Dunstable Massachusetts, 1890

is a quiet rural town on the northern border of Middlesex County, 33 miles northwest of Boston. Its boundary on the north is Nashua, N. H., on the east Tyngsborough, the same and Groton on the south, and Pepperell on the west. The area is 10,500 acres. Of this, 4,948 acres are woodland, mostly of young growth of pine and oak.

The town is pleasantly diversified with hill and valley, forest, meadow and tillage land; and the soil is generally good, as the ample barns and thrifty orchards will attest. Nashua River washes the northwestern border, receiving Unkety Brook as a tributary from the town; and Salmon River, from Massapoag Pond, flows northerly through the central part of the town into the Merrimack. Flat-rock Hill in the north, and Forest Hill in the east are both commanding eminences.

The town has 138 farms, on which the usual crops are cultivated; the value of the farm product in 1885 being $84,993. There are two or three saw and grain mills, and other manufactures common to rural towns, whose product the same year was $17,291. The Worcester and Nashua Railroad, a branch of the Boston and Maine Railroad, passes through the northwest corner of the town; and the Nashua and Acton, a part of the Concord Railroad, and connecting with the Old Colony Railroad at Acton, passes near the centre of the town, where are the village and post-office. The valuation of the town in 1888 was $291,992, with a tax-rate of $10 on $1,000. The population was 431, 123 being voters; and the dwellings numbered 105.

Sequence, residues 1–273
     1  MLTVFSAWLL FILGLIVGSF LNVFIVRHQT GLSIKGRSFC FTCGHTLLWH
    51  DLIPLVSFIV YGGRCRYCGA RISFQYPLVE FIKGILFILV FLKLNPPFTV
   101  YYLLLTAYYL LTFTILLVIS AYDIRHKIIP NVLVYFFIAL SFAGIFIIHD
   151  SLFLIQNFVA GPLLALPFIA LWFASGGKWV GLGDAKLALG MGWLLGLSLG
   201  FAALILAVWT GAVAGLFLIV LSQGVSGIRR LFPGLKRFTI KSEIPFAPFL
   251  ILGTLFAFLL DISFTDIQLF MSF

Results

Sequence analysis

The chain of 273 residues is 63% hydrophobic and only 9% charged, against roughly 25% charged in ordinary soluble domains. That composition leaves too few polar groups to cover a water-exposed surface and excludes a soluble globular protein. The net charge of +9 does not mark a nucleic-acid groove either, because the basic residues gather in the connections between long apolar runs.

The schools are provided for in five buildings, valued at about $5,000. There is a public library of nearly 2000 volumes. The village is very neat and attractive, having its streets extensively shaded; and the same is true of other localities, the trees being elm, maple, chestnut and oak, some of them 150 years old.

Dunstable was for fifty years a frontier settlement, and suffered much from the incursions of the Indians. In 1724, eleven men, in pursuing them, were waylaid, and all killed except Joshua Farwell. In May of the ensuing year, the celebrated Captain John Lovewell, with a company of forty-six volunteers, set out from Dunstable to inflict punishment upon the Pequaket tribe, which it was believed had committed the offences. He met the warriors unexpectedly on the shore of a pond in Fryeburg, Maine, since known by his name. A terrible encounter ensued, lasting a whole day; and all except ten of his brave men were either slain or wounded. The force of the Indians however, was broken; and Paugus, their principal chief, was killed. The gallant Lovewell fell in the commencement of the action; and his surviving followers, after great sufferings, found their way back to the settlement.

Amos Kendall, appointed postmaster-general of the United States in May, 1835, was born in Dunstable, August 16, 1789. He died at Washington, D.C., November 12, 1869. Other eminent men, natives of this town, were Colonel Jonathan Tyng, and Isaac Fletcher, a member of Congress.

pp. 279-280 in Nason and Varney's Massachusetts Gazetteer, 1890